It's up for debate who might be the best person for mayor of Colorado Springs. But it seems indisputable that Attorney General John Suthers
is the best fundraiser.
Suthers leads the way with campaign money.
He reports a total raised of $127,790
, based on data from his most recent campaign finance report, filed Monday, which covers the first two weeks of January.
Notable donors are Pete Coors
, Golden, chairman of the board of Molson-Coors, who gave him $1,000; gubernatorial candidate and former member of Congress Bob Beauprez
of Lafayette, $500; Chuck Murphy
, owner of Murphy Constructors and long-time Democrat from Colorado Springs, $2,000, and car dealer Tom Perkins
of Colorado Springs, $5,000.
Suthers has spent about $10,500 so far. He makes his run official this Saturday at 9:30 a.m. at Ivywild School.
Candidate reports are due Thursday.
The next highest amount that had been raised as of the Jan. 1 report was El Paso County Commissioner Amy Lathen
, who's raised roughly $60,000.
Former Mayor Mary Lou Makepeace
and former Councilor Joel Miller
have raised lesser amounts.
The top two candidates in the 2011 mayor's race, Steve Bach
, who was elected, and Richard Skorman
, who ran second, raised more than $1 million combined, so the candidates have a ways to go in this race to top that.
In other election news, Bill Murray
, retired Army officer, is running for one of three at-large seats
. Murray ran for the District 2 seat in 2013, but dropped out to promote Joel Miller's candidacy. Since then, he's been among the most consistent City Hall watchers in town and has been particularly focused
on the $250-million City for Champions tourism venture, warning against use of tax money to build a downtown stadium for a market that might not exist.
Here's part of his message that's being promoted on Facebook and his website:
I will govern within the guidelines of the City of Colorado Springs Charter.
I will govern with total transparency, not just give lip service to it
I will spend the taxpayers’ dollars as if they were my own
I will put the interests of the taxpayers and the community ahead of my political goals
I will constantly strive to reduce the size of government and its regulations.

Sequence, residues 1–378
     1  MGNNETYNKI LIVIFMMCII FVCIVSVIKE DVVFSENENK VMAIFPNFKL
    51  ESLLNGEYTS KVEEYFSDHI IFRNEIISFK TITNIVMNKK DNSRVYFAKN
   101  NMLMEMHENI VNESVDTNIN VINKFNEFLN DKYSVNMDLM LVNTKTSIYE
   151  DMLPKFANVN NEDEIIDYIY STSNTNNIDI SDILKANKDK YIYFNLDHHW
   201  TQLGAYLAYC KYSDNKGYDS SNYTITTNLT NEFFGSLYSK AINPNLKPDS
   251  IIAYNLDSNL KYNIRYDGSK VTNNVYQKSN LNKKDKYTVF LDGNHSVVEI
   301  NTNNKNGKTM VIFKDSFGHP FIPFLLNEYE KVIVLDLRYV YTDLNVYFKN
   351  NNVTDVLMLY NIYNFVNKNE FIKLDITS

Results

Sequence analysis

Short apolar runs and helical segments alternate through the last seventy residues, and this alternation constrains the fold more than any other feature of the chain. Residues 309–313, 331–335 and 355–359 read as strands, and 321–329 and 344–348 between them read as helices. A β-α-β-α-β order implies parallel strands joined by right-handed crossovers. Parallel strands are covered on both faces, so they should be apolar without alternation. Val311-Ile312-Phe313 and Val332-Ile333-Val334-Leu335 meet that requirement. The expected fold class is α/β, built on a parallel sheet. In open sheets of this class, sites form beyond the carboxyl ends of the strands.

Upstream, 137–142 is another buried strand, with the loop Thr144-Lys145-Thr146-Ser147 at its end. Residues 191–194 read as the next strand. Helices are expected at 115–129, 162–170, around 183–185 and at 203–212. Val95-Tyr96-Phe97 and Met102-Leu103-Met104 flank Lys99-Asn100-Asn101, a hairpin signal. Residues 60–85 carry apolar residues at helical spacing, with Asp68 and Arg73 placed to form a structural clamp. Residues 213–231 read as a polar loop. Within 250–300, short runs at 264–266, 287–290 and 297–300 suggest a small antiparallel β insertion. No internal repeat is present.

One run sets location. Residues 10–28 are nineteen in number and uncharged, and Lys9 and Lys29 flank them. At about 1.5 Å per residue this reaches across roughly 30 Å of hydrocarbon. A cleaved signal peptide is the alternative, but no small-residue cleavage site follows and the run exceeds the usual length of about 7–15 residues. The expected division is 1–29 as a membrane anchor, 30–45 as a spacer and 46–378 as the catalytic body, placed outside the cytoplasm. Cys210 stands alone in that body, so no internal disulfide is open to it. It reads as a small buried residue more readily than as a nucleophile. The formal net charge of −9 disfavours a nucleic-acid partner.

I will subject myself and everyone around me to the same laws, regulations and requirements the rest of our citizens live with
I will confront and resolve the hard issues of my city and not those that will simply garner votes for myself- citizens first, not my personal opinions or that of any party
I will not support any resolution that does not have, as its underlying principle, have the best interests of the city
I believe that the government can’t always do things better than citizens can do for themselves
I will not accept funding, either before the election nor after the election, from businesses that do business with the City (Yes, this means COMCAST)
My pledge to my fellow citizens :
To keep our utility rates low, CSU’s service efficient and effective community ownership
To appoint diverse and qualified members to City advisory boards and committees;
To restore confidence and trust in our City and its Council;
To address all issues before City Council with unbiased and open-minded consideration;
To get things done and not leave unfinished business to the next Council.
As of last week, 11 people had taken out petitions in the at-large contest and two had done so for the District 2 race, which is a race for who will complete Miller's term. He resigned to run for mayor. Six people picked up petitions for mayor, including Lawrence Martinez
, who's worked with nonprofits in town.
Filing deadline is Feb. 11.
Makepeace will hold round table talks.
Meantime, Makepeace is launching a series of chat sessions and issued this news release today:
Mary Lou Makepeace, former Colorado Springs mayor and current mayoral candidate, will host the first in a series of five round table discussions from 10 - 11 a.m. on Tuesday, January 20 at The Loft at Sonterra Grill located at 28B South Tejon Street in downtown Colorado Springs.
The round tables are being held to explore solutions to our community's most important issues. The first discussion will focus on the Springs Community Improvement Program (SCIP) and the city’s infrastructure needs.
Drawing on her strength and experience bringing people together, Makepeace has invited experts and community leaders to participate in discussions aimed at reaching a consensus and identifying the steps needed to create a cohesive vision for Colorado Springs.
City Council Member Jan Martin and Courtney Stone, organizer at the Independence Center and Community Transit Coalition, will serve as panelists at this first round table. Additional panelists will be announced soon.
The event will begin with a 45 minute discussion and conclude with questions and comments from the audience. The round table is free and open to the public though seating is limited.
RSVP’s are required. Reserve at http://www.makepeace4mayor.com/events-calendar.
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